Success did not come at once. There were still some disasters to be faced. In 1757, the Austrians defeated Frederic of Prussia in a great battle; while their allies, the French, invaded Hanover, and compelled the Duke of Cumberland to surrender and agree to disband his army. In Germany, on the French coast, and in Canada English fleets and armies alike were unsuccessful.
The tide, however, was soon to turn. Already Clive had avenged the outrage at Calcutta. Bringing a small fleet and army from Madras, he recovered the place, and forced the Nawab into outward friendliness. And, when Suraj-ad-Daulah plotted with the French, Clive in turn plotted with Mir Jaffier, a rich Indian noble, and promised, in return for large payments, to make him Nawab in his master's place. It was now that Clive did the deed which for ever blotted his fair fame. A certain native refused help unless he was promised an enormous bribe. The man was worthless and grasping, but his aid was important, and Clive, who thought him a villain, resolved to deal with him according to his villainy. So a copy of the English treaty with Mir Jaffier was made, and a clause put into it promising the bribe demanded. But the treaty itself contained no such clause: the bribe was not mentioned. And, though Clive himself signed the false copy, he had another signature on it forged. He thought himself justified in using trickery against a villain, but the slur he cast on English honour has never been forgiven.
Ruins of Fort Louisburg.
For the time, however, everything was forgotten in the triumph of the English arms at Plassey (1757). For there, with little more than 3,000 men, including only 900 Europeans, Clive routed an army fifteen times as large. Suraj-ad-Daulah was captured and killed; Mir Jaffier reigned in his stead; and, when the Dutch in Bengal presumed to show some jealousy of their English rivals, they were promptly crushed.
The year after Plassey, Pitt's own triumphs began. In July, Louisburg—"the key of Canada"—was taken by General Amherst, whose second in command was the famous Brigadier James Wolfe. In August the English captured Fort Duquesne—"the key of the great West"; and, having at last gained final possession of this long-disputed post, they replaced the French fortress by a new one, fitly named, after the great minister, Pittsburg.
But the next year, 1759, was the famous "Year of Victories," when, it was said, news of some fresh triumph came so often that one had to ask each morning what victory had been gained for fear of missing one.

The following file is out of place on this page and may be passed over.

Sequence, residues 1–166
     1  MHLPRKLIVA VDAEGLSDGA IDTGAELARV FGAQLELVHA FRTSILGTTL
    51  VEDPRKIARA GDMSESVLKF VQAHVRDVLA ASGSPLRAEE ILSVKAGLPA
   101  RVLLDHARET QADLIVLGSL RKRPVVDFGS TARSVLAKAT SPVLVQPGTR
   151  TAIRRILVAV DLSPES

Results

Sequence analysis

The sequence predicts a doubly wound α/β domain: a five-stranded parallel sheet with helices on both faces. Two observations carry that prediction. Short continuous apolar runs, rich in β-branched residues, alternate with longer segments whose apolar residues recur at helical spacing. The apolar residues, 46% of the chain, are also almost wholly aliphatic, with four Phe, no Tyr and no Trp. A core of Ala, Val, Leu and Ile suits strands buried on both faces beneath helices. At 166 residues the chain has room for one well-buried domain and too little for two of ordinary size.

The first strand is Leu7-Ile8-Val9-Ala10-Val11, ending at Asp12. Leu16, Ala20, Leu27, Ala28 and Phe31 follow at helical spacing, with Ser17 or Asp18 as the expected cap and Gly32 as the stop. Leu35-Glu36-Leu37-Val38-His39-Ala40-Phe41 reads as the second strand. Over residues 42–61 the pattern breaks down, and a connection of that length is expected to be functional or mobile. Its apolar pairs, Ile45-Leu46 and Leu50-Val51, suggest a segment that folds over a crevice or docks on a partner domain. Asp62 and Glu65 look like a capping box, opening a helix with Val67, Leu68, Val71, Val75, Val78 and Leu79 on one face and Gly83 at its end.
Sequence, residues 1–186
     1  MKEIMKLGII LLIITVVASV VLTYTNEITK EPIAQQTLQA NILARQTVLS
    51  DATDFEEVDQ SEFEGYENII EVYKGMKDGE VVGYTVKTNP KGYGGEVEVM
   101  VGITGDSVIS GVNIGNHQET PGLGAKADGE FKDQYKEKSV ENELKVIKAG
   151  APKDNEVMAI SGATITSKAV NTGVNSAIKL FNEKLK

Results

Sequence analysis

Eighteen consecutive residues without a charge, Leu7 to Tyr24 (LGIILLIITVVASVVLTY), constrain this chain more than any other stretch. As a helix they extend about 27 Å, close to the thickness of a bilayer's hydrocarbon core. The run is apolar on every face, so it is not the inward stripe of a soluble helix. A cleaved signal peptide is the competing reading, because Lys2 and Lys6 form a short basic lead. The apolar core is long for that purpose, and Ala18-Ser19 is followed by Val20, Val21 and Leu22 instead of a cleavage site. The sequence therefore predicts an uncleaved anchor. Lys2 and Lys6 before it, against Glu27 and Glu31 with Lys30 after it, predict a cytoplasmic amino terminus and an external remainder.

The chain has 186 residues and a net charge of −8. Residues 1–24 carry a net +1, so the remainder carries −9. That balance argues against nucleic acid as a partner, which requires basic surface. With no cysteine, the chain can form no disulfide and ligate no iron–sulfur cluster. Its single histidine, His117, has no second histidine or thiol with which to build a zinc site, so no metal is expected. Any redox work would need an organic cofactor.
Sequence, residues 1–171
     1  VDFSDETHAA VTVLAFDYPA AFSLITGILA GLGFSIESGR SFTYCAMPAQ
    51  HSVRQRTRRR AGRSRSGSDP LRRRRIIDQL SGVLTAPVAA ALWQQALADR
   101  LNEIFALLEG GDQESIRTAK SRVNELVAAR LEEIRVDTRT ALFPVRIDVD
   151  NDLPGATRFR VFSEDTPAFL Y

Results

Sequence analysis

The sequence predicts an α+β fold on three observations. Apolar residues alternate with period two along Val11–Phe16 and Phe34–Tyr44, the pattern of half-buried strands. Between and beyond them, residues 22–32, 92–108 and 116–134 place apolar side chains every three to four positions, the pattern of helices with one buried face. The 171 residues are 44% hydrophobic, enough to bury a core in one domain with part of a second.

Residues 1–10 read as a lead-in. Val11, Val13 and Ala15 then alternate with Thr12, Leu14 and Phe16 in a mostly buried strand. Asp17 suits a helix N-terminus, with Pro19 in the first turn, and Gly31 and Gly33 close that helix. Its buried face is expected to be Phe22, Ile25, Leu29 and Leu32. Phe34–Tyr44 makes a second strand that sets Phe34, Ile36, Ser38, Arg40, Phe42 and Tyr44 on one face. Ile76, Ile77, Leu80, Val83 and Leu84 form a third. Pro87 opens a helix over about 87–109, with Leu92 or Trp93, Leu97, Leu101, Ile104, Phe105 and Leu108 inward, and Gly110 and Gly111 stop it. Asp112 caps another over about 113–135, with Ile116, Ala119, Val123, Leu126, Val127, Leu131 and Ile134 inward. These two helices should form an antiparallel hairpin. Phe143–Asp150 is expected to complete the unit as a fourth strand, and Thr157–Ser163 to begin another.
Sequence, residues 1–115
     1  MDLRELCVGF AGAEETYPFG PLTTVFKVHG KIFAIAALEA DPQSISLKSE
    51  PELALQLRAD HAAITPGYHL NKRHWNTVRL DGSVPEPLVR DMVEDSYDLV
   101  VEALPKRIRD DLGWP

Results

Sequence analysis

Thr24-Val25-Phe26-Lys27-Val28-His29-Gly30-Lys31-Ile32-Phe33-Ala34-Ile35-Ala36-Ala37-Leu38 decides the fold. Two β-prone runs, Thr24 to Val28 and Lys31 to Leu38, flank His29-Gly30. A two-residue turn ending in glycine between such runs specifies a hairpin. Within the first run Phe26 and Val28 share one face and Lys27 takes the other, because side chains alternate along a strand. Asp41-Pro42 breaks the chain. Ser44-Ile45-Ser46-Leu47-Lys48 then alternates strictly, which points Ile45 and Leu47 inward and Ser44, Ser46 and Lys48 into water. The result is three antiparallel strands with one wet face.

The French Government had at last determined to strike hard, and to strike home, by invading England herself. The very threat, it was hoped, would force Pitt to keep back every man he could for home defence, and stop his sending fleets and armies across the sea. So flat-bottomed boats to carry 50,000 Frenchmen were built, and battle-fleets to guard the boats gathered in the harbours of Toulon and Brest. But Pitt did not behave at all as the French Government expected. He set Boscawen, indeed, with fourteen ships to blockade the French at Toulon, and Hawke, with twenty-four, to watch the French at Brest; but he also sent a fleet to Canada and a squadron to the East Indies.
And, when the threatened invasion was delayed, England took the offensive herself. The Toulon fleet, slipping out of its harbour, was pursued by Boscawen, half of it destroyed, and most of the remainder shut up in a Spanish port. Then the French Government resolved to attack Scotland instead of England and send a second smaller force to Ireland. But Hawke still held the main French fleet a prisoner in Brest, and only when the November storms drove him away for a time did the enemy get out.
Battle of Quiberon Bay, November 20, 1759.
Scarcely had they cleared the harbour when Hawke reappeared. Furious at their escape, he pursued them in hot haste till they sought safety in Quiberon Bay, on the west coast of France. And there, on November 20th, he won the greatest naval victory in English history since the rout of the Armada. A storm was rising; the wind blew straight on shore; the bay was full of rocks and shoals. The French admiral could hardly believe that Hawke would risk his ships where there was scarcely room to move, and Hawke's own pilot warned him against the terrible danger.